Blue Spruce—Edible Plants

Blue spruce, picea pungens, is native to the Rocky Mountains, but can be found as ornamental trees throughout the United States. The young shoots can be used to make tea high in vitamin C. This bitter, resinous drink is surprisingly refreshing, although it is not uncommon for people to add a sweetener. Click on the image for a larger view.

Sweet Crab in Bloom

Spring is such an amazing time of year. We have had months of a dry, brown landscape, and then, within a matter of weeks, the landscape transforms. After two days of rain, there was a break in the weather this evening. I went out to see our sweet crab apple tree. Not only do we enjoy its magnificent spring display, in the late summer, we can also harvest its fruit. Click on the image for a larger view.

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Daylily—Edible Plants

Our daylilies are emerging. While the daylily (hemerocallis fulva) is known as a decorative plant, it is also edible. This time of year we eat the young shoots by stir frying them in soy sauce and serving them on tofu. We harvest the shoots when they are only a few inches long. The ones pictured here would be a little too old. Click on the image for a larger view.

Grape Harvest

life_in_maine_grape_harvest_septWe harvested the last of this year’s grapes yesterday—three large bowls of fruit. We had been enjoying our grapes for the last three weeks. But with evening temperatures dropping, it was time to finish. These are entirely organic, no pesticides are used to protect them. We lose a few fruit to insects, more to birds, but plenty are left for us. Click on the image for a larger view.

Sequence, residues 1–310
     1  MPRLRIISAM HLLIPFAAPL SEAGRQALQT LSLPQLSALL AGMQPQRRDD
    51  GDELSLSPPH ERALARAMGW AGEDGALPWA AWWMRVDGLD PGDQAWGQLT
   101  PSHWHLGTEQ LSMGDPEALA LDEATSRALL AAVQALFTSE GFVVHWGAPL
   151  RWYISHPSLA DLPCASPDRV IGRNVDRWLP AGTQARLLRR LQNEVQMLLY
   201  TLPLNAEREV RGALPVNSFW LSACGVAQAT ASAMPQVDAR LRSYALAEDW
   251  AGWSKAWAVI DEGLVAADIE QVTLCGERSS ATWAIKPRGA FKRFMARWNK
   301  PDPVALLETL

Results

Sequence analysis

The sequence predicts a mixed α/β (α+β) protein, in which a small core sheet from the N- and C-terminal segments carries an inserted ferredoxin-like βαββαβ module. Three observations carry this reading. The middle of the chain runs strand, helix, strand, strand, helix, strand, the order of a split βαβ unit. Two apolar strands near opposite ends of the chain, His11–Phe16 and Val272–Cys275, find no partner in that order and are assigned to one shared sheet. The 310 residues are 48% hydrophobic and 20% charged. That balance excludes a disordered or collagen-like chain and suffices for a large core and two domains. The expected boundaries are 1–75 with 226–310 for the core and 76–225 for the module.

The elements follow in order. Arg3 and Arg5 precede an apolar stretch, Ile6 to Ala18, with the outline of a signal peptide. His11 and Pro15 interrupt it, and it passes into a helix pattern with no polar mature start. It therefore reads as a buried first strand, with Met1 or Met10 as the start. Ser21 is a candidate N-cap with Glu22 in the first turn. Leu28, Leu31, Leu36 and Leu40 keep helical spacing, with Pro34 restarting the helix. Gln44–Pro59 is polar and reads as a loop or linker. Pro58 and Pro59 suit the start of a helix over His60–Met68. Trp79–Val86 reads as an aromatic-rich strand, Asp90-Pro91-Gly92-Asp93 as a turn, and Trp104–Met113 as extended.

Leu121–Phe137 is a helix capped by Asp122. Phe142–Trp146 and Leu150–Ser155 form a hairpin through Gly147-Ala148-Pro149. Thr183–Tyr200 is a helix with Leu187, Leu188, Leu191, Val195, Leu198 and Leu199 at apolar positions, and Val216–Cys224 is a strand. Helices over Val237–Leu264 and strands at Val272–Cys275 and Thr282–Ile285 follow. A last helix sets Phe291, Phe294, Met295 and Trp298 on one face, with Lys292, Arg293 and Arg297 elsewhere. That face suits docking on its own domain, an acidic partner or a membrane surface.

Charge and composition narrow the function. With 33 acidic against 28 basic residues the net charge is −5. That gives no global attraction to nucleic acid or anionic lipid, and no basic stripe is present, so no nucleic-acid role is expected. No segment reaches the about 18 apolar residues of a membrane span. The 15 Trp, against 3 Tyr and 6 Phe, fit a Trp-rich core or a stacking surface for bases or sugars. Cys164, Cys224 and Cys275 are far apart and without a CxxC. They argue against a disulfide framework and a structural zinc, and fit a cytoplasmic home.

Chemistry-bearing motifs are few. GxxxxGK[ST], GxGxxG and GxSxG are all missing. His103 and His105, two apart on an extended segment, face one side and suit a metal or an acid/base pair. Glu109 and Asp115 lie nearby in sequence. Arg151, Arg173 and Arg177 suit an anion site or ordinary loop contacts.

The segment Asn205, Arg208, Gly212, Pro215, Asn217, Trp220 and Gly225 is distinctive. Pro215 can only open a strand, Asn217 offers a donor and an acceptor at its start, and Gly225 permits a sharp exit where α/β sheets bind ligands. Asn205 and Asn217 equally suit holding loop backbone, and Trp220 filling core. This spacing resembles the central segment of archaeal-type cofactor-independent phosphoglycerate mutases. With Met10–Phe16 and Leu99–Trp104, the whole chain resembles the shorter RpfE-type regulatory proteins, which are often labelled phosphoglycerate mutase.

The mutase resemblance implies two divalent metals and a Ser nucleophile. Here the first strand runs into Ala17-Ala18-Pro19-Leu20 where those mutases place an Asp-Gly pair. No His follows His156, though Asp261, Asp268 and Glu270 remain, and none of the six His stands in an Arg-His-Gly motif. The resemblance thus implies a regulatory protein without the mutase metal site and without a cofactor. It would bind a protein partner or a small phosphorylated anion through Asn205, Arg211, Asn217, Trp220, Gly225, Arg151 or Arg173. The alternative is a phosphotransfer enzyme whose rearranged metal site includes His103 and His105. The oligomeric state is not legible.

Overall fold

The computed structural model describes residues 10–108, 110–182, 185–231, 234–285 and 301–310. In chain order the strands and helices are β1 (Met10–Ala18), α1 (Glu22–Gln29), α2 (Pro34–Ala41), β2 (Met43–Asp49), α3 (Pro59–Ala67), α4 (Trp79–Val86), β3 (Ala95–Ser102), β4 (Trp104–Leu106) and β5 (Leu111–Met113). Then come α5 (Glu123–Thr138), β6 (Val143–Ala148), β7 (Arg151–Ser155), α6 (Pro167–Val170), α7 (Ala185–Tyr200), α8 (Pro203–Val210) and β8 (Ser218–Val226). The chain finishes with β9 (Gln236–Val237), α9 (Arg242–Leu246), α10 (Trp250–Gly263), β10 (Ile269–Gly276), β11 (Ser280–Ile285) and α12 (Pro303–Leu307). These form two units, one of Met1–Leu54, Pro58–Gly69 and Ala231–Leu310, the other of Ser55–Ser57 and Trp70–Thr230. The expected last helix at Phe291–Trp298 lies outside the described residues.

Harvest 2016

life_in_maine_harvest_2016August always takes us by surprise. The glut of food is wonderful, but adds more time than we anticipate on top of our other tasks—we spend a couple of hours in the evening just keeping up with the ripening blackberries. It is not something we can exactly put off. Still, once outside, the act of gathering this fruit becomes its own meditation. That other hectic life at the office dissipates and is replaced by the cycles of the planet. This symbiosis, which is, at one level, indifferent and, at another, dependent, is a great performance we all part of. Click on the image for a larger view.

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Red Haven Peach

life_in_maine_red_haven_peachOur peaches are starting to ripen. Red Haven do not produce a large fruit, about 2″ or 5 cm in diameter, but it does produce a large crop. They have a smooth peach flavor with a hint of lemon. Except for Surround, a kaolin clay based spray, the white spots on the fruit, our peaches grow without protection. Click on the image for a larger view.

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Grapes, 2016

life_in_maine_grapes_2016Our grapes have done very well this year. If the birds do not get them, we should have a very good harvest. Still a little early for humans to consume, but here’s keeping our fingers crossed. Click on the image for a larger view.